Emperor: Symphony of Destruction
Originally published in Guitar World, October 2007
Never mind the church burnings. Throughout the Nineties, Emperor forged the sound that defines symphonic black metal. Guitarists Ihsahn and Samoth reveal the inner workings of Norway’s infamous iconoclasts.
In 1992, the world was watching Norway as the nation prepared for the prestigious honor of hosting the 1994 Olympic games in Lillehammer. Inside the country, however, a rash of church burnings and murders were terrifying the populace and threatening to overshadow Norway’s reputation as one of the most peaceful and politically progressive countries in the world. The instigators, as the police soon discovered, belonged to an inner circle of extreme black metallers. Among them were several members of Emperor, at the time a relatively new entry among Oslo’s burgeoning extreme music scene.
“We were all very psyched about the whole thing,” Emperor’s guitarist/vocalist Ihsahn says of that early period in the band’s history. “I had long black nails and wore makeup and inverted crosses to keep people away. I realized when people hate you for being extreme, you might as well drive the point home.”
Today, Emperor are renowned less for their violent past than for helping to spawn the subgenre of symphonic black metal now practiced by bands like Dimmu Borgir and Cradle of Filth. They’ve earned the respect of musicians and fans alike through four influential studio albums on which Emperor combined seething and malevolent vocals, progressive orchestral arrangements and haunting keyboards with thrash and death metal hallmarks like double kick drums and heavily distorted guitars. “Emperor’s sound has always been a balance between Ihsahn’s progressive melodic stuff and my in-your-face extreme death metal,” says guitarist Samoth.
The partnership was not without its artistic differences, however, and after releasing 2001’s Prometheus: The Discipline of Fire & Demise, Emperor broke up, citing a divergence in creative directions. They did so without a farewell tour, a move that disappointed their fan base. In 2005, however, after fielding many requests for a reunion, Emperor “decided to go out and do those final shows that we didn’t get to do when the band split up,” says Samoth. After sorting out the visa issues that prevented Samoth from playing last year’s U.S. shows, Emperor—rounded out by drummer Trym and touring keyboardist Einar Solberg and bassist Secthdamon—have returned to the States, performing with the passion, determination and brutal guitar assault that propelled the band during its heyday.
To understand Emperor and the sound they created, you have to go back to the Eighties and to three bands whose records set the stage for the extreme sound and attitude that would resurface a decade later in Norway’s black metal scene.
With 1982’s Black Metal, England’s Venom not only effectively named the genre but also established a few of its key tenets: diabolic themes, unvarnished production and violent, theatrical imagery. Two years later, a pair of European acts—Switzerland’s Celtic Frost and Sweden’s Bathory—pushed the emerging genre even further. Bathory’s self-titled debut featured explicit satanic lyrics, low-fi production, eerie ambience and vitriolic vocals, while Celtic Frost’s Morbid Tales fused brutal thrash with progressive sound experiments. When the second wave of black metal hit the Nordic shores in the late Eighties/early Nineties, Emperor, along with bands like Mayhem, Immortal and Darkthrone, took black metal’s extreme sound, morbid visual aesthetic and anti-Christian, antisocial ideology to new levels.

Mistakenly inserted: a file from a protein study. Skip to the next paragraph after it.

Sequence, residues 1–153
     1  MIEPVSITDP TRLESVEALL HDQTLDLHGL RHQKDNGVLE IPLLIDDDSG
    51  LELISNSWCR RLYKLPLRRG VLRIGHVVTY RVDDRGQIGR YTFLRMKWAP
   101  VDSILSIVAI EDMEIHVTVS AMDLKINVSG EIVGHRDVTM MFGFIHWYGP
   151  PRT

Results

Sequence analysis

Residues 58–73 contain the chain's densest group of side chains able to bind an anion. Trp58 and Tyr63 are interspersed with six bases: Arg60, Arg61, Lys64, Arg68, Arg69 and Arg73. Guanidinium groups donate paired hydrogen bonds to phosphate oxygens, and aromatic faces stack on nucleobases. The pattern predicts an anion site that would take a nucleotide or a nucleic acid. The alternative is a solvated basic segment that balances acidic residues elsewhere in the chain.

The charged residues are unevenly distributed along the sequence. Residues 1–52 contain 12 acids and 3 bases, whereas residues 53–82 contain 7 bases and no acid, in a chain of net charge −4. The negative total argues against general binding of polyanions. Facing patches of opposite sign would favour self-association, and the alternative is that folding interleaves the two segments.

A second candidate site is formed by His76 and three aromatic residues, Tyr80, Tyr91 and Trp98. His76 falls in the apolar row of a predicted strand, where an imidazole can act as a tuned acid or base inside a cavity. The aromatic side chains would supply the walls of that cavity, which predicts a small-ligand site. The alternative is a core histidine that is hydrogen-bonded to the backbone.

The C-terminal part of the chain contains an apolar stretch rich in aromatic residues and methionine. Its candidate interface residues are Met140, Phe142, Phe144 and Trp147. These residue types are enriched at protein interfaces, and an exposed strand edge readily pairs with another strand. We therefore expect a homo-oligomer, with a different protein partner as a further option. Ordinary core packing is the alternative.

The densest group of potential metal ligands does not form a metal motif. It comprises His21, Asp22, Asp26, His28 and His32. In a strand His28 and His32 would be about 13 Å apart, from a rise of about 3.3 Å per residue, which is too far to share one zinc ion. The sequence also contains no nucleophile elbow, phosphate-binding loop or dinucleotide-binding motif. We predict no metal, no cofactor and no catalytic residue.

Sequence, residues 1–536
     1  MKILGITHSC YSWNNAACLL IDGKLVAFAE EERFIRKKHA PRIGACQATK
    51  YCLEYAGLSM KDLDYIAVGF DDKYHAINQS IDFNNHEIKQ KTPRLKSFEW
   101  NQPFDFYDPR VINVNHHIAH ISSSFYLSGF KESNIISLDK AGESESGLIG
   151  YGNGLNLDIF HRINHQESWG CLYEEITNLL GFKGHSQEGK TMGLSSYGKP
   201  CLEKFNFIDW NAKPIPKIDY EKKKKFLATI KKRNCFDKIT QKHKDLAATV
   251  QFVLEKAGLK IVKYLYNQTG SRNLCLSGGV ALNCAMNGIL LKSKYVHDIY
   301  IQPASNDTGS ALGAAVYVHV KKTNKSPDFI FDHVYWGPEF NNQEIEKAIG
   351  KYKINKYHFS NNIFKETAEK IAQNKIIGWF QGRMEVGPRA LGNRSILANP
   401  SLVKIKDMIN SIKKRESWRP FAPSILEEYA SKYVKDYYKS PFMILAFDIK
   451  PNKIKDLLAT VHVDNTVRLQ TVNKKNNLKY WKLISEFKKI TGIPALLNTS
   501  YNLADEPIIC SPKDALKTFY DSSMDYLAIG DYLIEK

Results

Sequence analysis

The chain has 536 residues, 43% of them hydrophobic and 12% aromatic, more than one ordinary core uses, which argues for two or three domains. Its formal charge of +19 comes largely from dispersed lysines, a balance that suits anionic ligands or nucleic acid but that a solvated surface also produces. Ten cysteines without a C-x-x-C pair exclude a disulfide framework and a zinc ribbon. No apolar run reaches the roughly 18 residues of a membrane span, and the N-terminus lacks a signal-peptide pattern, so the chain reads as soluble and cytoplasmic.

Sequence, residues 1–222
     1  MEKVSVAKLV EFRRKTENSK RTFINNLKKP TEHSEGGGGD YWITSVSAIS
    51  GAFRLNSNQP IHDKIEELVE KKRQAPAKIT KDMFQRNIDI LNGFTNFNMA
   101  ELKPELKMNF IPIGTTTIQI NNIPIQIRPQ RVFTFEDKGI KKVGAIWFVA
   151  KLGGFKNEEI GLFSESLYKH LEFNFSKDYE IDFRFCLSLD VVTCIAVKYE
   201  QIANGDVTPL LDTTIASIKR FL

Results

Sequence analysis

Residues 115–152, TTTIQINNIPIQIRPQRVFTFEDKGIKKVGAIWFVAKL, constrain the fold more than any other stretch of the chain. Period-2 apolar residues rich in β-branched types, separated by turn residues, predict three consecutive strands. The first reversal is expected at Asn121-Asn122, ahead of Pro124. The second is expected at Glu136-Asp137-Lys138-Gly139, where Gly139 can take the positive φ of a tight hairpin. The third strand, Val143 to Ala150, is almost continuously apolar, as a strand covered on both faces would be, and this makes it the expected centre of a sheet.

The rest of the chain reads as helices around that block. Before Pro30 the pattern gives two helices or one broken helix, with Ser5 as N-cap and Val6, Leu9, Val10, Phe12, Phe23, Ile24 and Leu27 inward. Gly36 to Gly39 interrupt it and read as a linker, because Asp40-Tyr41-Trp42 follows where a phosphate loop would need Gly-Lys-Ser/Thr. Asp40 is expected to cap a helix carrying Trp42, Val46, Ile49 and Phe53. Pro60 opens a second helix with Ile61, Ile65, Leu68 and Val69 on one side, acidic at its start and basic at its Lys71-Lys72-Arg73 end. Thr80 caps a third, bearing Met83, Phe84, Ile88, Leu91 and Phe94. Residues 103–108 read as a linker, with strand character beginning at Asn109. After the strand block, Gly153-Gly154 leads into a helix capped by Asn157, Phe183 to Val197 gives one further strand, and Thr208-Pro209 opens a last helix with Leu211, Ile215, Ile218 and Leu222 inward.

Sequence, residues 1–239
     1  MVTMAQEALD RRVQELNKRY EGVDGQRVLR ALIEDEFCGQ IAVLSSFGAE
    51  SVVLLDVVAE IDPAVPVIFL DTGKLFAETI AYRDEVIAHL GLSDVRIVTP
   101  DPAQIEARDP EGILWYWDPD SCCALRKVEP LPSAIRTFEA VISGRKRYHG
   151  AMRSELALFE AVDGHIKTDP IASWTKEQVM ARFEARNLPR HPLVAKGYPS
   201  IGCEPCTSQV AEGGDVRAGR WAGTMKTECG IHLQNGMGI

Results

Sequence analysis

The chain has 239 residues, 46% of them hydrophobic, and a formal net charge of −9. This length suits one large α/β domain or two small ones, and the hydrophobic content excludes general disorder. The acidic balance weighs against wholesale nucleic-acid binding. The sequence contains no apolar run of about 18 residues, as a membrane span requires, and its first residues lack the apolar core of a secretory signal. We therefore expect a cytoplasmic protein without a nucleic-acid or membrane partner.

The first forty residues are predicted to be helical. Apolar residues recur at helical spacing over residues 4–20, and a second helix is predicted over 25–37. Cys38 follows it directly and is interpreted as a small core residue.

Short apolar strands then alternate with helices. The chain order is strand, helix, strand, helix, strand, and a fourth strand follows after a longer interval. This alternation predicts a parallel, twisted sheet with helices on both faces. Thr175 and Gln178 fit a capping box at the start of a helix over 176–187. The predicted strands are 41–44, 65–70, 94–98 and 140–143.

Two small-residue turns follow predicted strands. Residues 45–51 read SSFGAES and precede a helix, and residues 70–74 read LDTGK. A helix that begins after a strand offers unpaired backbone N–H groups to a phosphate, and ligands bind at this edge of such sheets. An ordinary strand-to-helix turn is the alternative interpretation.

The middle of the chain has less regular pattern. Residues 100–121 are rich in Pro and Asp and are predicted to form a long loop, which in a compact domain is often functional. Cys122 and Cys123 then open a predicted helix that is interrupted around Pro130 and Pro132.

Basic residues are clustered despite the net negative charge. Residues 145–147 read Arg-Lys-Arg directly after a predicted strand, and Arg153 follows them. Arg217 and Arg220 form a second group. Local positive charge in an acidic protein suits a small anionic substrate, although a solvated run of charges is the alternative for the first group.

But it wasn’t just the music that changed. The church burnings and murders of 1992 signaled that the violent themes of the genre’s music were being embraced as reality by younger musicians influenced by black metal’s first wave. The repercussions of their actions catapulted the Norwegian underground black metal scene into the international spotlight and solidified its mythic reputation.
The episodes began in 1991 with the suicide of Mayhem vocalist Per Yngve Ohlin, more commonly known as Dead. The singer killed himself with a shotgun blast that blew off half his head. Mayhem guitarist Euronymous, Dead’s roommate, discovered the body, but before phoning the police, he went out to buy a camera so he could document the suicide. Returning to the scene, Euronymous snapped off a few pictures—one of which appeared as the cover of Mayhem’s Dawn of the Black Hearts bootleg—and collected a few bits of Dead’s skull, which the guitarist made into necklaces.
Shortly after Dead’s suicide, Euronymous opened an underground metal record shop in Oslo called Helvete (Norwegian for “hell”). The shop quickly became a focal point for the Norwegian black metal scene, and the young crowd that congregated there—the so-called “Black Circle”—was a veritable who’s who of the black metal elite, including members of Emperor, Burzum, Immortal, Enslaved and Darkthrone. With Helvete as a base of sorts for the scene, many musical ideas were shared among the crew. “Euronymous’ shop was a gathering point for everyone. I actually wrote the main verse of ‘Inno a Satana’ in the basement,” says Ihsahn, of the song that appears on Emperor’s 1994 debut, In the Nightside Eclipse.